Bolded cells above indicate taking the previous expression, but instead choosing zero if the previous condition holds. In code, we update our coordinates as thus:

x += k < 1  ? 0 : 4 <=> k
y += k == 6 ? 0 : k % 7 <=> 2

Important to note is that \$-5\$, as well as any other number \$c<1\$ for which \$c\equiv 2\mod 7\$, produces a 0 in both coordinates, and is useful as a placeholder to mean "no action", and hence a useful initialization instruction.

Commented code

-> d {
  # x and y are initially set to d.size * 2, guaranteeing us sufficient room
  # so that our calculations will not step outside of bounds.
  # m is our minimum width for padding purposes for such a bound, and extends
  # the distance from 0 to x or y in each direction, that is, 2x or 2y
  m = 2 * x = y = d.size * 2
  c = []
  # to account for the initial cell, we prepend -5 to the input (see above table)
  [-5, *d].map { |k|
    # since each line is two characters long, we update each cell individually
    2.times {
      # update y, as per above
      y += k == 6 ? 0 : k % 7 <=> 2
      # get the current row, defaulting to an appropriate row of 0s
      row = c[y] ||= [0] * m
      # update x, as per above
      x += k < 1 ? 0 : 4 <=> k
      # update (x,y) in the output array
      row[x] = 1
    }
  }
  # remove all nil rows from the output array
  c - [p]
}
\$\endgroup\$
2
  • \$\begingroup\$ Is something wrong with the submission, @downvoter? or were there too many numbers in this post :P \$\endgroup\$ Jun 6 at 22:28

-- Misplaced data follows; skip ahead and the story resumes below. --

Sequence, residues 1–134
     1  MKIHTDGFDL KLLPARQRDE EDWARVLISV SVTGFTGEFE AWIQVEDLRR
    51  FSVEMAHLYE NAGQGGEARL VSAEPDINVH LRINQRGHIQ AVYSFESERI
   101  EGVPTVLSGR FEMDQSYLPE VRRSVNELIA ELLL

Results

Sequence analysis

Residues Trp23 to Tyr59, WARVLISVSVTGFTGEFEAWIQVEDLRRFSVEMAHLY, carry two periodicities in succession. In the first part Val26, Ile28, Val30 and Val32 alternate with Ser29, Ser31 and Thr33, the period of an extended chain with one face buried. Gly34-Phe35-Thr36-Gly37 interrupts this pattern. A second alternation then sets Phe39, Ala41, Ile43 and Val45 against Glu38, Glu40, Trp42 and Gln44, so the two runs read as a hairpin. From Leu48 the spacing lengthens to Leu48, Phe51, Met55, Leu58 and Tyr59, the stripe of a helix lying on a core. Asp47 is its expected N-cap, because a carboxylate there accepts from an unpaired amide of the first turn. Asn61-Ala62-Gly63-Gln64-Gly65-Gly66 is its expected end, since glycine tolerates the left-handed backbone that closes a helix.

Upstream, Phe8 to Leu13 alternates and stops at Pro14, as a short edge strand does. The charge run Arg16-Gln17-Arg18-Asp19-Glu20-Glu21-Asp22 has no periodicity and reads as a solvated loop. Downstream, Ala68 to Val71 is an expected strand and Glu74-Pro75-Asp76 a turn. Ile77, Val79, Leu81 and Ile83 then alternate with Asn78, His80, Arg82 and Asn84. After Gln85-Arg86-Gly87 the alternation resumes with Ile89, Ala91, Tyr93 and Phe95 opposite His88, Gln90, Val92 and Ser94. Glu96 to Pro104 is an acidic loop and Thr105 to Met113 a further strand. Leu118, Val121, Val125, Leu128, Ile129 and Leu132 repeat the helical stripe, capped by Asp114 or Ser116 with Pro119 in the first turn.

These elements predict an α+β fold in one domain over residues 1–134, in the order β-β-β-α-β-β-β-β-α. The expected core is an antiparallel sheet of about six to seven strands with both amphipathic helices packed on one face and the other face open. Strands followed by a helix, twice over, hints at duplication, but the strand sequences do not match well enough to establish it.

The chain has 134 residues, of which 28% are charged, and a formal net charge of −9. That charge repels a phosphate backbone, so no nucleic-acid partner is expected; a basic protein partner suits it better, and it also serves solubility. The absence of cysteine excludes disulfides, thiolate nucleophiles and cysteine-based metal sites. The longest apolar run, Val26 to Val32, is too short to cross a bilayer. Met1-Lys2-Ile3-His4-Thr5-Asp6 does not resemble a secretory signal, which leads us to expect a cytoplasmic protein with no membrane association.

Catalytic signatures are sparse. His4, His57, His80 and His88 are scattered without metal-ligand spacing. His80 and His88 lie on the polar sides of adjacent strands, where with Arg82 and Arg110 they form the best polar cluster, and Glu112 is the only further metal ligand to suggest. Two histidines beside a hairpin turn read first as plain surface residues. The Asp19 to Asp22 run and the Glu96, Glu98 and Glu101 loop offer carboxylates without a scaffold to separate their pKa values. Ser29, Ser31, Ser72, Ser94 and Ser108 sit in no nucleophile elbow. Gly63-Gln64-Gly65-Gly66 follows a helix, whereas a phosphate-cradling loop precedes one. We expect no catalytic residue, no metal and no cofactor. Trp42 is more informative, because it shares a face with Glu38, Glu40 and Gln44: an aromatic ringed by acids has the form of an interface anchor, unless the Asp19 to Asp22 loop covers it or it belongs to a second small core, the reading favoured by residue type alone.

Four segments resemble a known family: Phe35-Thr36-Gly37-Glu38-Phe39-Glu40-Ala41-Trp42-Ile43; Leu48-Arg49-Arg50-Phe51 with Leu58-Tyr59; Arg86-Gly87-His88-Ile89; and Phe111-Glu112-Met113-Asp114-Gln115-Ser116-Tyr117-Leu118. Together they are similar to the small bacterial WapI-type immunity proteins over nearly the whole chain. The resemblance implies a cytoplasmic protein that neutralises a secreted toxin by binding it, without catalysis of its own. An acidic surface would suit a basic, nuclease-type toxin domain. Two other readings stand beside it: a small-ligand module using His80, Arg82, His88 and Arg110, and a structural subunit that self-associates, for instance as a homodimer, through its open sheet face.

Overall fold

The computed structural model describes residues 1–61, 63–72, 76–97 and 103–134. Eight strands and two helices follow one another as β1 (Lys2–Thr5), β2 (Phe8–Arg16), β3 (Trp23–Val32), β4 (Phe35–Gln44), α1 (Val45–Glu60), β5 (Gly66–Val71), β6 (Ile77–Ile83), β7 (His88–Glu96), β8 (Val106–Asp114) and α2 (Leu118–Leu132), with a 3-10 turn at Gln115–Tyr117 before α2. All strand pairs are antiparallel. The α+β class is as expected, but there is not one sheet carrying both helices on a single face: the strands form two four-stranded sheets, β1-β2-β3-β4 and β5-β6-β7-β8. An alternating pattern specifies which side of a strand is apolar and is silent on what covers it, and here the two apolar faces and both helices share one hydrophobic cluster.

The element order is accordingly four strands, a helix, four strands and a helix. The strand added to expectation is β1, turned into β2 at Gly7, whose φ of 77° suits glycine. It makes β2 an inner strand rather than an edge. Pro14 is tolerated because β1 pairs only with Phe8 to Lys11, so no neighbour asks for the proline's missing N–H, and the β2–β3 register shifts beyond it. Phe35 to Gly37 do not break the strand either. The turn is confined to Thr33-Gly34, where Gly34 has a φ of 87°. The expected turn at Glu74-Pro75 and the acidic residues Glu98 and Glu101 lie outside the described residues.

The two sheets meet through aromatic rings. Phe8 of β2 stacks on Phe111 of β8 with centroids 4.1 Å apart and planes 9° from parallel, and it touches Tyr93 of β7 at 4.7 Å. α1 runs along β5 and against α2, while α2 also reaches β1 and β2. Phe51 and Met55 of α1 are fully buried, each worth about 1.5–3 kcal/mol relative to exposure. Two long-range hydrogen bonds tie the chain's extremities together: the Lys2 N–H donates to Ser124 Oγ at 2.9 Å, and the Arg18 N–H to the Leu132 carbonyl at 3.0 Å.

• \$\begingroup\$ @downvoter ̷I̷'̷m̷ ̷p̷e̷r̷s̷o̷n̷a̷l̷l̷y̷ ̷o̷f̷f̷e̷n̷d̷e̷d̷ ̷b̷y̷ ̷t̷h̷i̷s̷ \$\endgroup\$
    – mathcat
    Jun 7 at 16:36
8
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Jelly,  25  22 bytes

Saved three bytes using the allowance of excess whitespace (this also fixed a bug that meant an input with only left and/or right movements would have printed incorrectly since no space or newline characters were being introduced in such cases).

ı2½*Nx2ŻÆiNṠ+\+L$ŒṬo⁶Y

A full program that accepts the list of instructions and prints the result using 1 as the character.

Try it online!

How?

Jelly has no canvas drawing built-ins, so instead this builds a matrix of zeros and ones, with ones at visited locations and prints it with spaces in place of zeros joined with newline characters.

ı2½*Nx2ŻÆiNṠ+\+L$ŒṬo⁶Y - Main Link: list of integers from [0,7]:
ı2                     - 2i (twice the square root of -1)
  ½                    - square root